It’s also worth noting that today’s GOP is almost entirely composed of White Christian nationalists. In the states where Republicans hold sway, that “death rattle” is likely to be prolonged, dangerous and very, very ugly.

 

ALEC’s Priority: Gerrymandering

One of the many problems exacerbated by the loss of local journalism is the increasing nationalization of American politics. Those who follow political news are focused almost exclusively on Washington, and that focus has only intensified since 2016. If there is one thing Donald Trump is good at (and it is the only thing), it is sucking the air out of the newsroom. He’s like the wreck by the side of the road that you can’t help rubbernecking.

But we ignore state politics at our peril.

Donald Trump occupies the Oval Office because the Republican Party has been punching above its weight for a number of years. The GOP  has been able to win elections not because it can claim majority status, but because it has been able to game the system at the state level, primarily through gerrymandering and voter suppression.

And these efforts have been aided and abetted by ALEC.

ALEC–the American Legislative Exchange Council–is a powerful (and secretive) conservative organization. It is best known for preparing “model” bills favorable to its corporate members, bills that more often than not are introduced–unaltered– by conservative state legislators. ALEC has been incredibly successful in getting these measure passed, and the organization has shaped legislation in policy areas ranging from health care (undercutting the Affordable Care Act) to criminal justice (promoting private prisons). It has worked to lower taxes, eliminate environmental regulations, quash unions, and protect corporations from lawsuits, and it depends upon Republicans to achieve its aims.

So the organization’s current priority is gerrymandering.

In the early August heat, nearly 200 Republican lawmakers gathered in an Austin, Texas, hotel to learn about what one panelist described as a “political adult bloodsport.” The matter at hand — gerrymandering — could lock in Republican power in the states for another decade if successfully carried out again in 2021.

This meeting was evidently a bit less secretive than usual, since reporters were able to attend the sessions on gerrymandering. One was even able to record it.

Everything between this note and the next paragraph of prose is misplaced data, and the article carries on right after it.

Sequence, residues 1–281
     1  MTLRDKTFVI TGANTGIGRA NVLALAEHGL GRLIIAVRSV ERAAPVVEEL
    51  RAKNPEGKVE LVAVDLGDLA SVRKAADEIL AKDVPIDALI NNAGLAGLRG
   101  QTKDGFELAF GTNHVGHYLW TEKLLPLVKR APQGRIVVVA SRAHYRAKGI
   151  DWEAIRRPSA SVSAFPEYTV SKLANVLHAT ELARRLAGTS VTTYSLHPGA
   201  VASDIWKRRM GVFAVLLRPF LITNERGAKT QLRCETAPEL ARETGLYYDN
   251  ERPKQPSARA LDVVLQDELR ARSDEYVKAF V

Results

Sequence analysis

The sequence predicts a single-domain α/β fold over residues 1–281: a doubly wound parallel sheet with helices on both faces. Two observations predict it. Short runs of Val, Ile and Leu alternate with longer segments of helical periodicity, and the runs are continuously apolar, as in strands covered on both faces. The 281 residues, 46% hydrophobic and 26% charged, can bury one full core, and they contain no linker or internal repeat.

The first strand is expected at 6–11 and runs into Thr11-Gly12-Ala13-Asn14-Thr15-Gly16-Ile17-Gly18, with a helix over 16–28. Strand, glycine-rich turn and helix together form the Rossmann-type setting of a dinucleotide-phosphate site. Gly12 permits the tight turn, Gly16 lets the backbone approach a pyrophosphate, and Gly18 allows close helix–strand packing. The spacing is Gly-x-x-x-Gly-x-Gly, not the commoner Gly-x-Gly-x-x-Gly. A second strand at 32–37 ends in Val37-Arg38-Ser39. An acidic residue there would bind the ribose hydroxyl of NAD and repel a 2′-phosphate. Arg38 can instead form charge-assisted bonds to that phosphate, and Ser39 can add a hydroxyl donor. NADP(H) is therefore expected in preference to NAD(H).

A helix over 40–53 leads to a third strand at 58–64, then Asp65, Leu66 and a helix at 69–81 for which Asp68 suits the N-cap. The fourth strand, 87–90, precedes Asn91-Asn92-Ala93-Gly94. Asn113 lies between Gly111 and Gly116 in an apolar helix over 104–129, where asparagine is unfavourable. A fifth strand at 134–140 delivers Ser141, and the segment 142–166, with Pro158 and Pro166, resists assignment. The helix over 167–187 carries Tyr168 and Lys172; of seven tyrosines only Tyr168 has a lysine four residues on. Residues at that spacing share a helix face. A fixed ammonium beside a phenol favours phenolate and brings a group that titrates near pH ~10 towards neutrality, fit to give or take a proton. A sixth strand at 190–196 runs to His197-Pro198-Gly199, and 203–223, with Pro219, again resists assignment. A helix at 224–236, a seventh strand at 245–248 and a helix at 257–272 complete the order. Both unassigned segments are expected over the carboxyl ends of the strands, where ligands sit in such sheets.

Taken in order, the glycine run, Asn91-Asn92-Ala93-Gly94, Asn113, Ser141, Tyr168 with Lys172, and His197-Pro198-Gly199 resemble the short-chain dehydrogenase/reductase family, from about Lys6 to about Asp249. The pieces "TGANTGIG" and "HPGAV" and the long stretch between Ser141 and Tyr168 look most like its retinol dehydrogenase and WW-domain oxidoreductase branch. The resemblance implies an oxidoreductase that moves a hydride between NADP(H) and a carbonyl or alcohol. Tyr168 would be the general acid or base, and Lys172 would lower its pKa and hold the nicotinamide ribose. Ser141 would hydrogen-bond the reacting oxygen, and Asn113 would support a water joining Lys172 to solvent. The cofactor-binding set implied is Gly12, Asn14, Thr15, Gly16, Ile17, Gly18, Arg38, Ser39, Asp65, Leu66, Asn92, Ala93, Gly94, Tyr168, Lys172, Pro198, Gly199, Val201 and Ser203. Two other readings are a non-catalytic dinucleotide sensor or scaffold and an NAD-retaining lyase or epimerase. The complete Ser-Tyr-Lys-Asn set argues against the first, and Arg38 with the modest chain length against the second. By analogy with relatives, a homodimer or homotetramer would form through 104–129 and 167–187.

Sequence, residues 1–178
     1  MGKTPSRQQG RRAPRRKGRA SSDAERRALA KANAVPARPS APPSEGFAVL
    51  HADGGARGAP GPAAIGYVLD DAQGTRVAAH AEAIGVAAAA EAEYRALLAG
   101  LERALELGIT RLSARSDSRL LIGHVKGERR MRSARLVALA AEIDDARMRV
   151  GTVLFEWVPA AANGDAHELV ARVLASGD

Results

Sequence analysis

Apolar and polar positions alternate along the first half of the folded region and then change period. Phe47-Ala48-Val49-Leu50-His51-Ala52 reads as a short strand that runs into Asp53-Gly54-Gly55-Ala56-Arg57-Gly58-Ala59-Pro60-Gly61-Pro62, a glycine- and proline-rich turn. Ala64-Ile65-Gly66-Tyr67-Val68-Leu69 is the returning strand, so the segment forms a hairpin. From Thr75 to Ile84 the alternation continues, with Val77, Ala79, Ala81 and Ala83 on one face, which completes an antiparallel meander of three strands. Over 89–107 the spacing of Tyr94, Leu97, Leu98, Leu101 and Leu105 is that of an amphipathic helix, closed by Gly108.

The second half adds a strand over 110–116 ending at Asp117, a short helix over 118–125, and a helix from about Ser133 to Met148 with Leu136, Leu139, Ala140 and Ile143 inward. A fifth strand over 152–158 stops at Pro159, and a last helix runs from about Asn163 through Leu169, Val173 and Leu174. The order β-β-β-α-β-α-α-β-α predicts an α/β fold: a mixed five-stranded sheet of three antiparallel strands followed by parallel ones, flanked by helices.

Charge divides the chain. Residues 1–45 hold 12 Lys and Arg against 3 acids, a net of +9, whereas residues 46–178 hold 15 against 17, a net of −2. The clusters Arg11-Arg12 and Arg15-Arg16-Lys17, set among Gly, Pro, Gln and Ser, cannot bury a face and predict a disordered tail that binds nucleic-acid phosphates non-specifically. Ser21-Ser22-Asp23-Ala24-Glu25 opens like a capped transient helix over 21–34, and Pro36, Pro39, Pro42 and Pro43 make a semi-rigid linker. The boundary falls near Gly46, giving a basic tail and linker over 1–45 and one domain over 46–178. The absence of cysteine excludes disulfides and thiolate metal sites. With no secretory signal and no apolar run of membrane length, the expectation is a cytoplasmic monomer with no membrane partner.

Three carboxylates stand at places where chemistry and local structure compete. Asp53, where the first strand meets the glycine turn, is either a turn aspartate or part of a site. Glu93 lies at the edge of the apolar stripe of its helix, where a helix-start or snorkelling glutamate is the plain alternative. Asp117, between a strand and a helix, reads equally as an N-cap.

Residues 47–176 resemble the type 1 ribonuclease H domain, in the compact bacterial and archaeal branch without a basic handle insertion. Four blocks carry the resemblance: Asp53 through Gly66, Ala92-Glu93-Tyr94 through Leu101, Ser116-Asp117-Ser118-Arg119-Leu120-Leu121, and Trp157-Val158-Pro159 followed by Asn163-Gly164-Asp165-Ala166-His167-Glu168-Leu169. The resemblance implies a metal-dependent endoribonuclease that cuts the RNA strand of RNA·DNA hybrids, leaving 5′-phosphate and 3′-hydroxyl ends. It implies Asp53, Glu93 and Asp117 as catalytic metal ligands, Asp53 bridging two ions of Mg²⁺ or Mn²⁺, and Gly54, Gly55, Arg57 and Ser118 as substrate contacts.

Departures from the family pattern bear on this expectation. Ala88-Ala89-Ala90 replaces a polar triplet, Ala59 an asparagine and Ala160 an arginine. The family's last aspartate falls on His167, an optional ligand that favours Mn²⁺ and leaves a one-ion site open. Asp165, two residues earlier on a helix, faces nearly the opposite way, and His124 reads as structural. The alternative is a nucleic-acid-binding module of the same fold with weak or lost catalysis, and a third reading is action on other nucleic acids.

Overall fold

This unprecedented level of reporting on the panel uncovered the tactics conservatives plan to employ as they seek to maintain the Republican hold on state legislatures across the country in the crucial redistricting wars to come….

The conservative experts gave attendees a range of tips on how to approach gerrymandering, from legislative actions to legal preparedness. The panelists scoffed at the idea of appointing independent commissions in states to draw districts, a solution to partisan gerrymandering gaining traction in some states, instead urging state lawmakers to secure as much control over the process as possible. One panelist suggested Republican lawmakers work with black and Latino lawmakers to pack minority voters into districts, and another urged them to exclude noncitizens from the population numbers used to determine districts, a move that would dramatically redistribute power away from blue areas. Yet, ALEC also warned state lawmakers to be careful — to avoid using the word “gerrymander” and drawing lines too heavily based on race.

As the linked article points out, other conservative organizations may be focused on the federal government, but ALEC understands that the key to power is at the state level– and that the key to maintaining that power is redistricting.

ALEC’s ultimate goal is to have more influence on state lawmakers than the lawmakers’ voters.

They want people to listen to them and not their voters, and the way they do that is by creating these gerrymandered districts so legislators don’t have to address the concerns of their district.

Gerrymandering does more than skew lawmaking at the state level, of course–it results in unrepresentative, “safe” Congressional districts that send disproportionate numbers of Republicans to Congress. Democrats win more votes; Republicans win more seats.In House races in 2012, 1.7 million more votes were cast for Democrats than for Republicans, but Republicans came away with thirty-three more congressional seats than the Democrats. Some of this is due to systemic issues, but much of it is due to gerrymandering.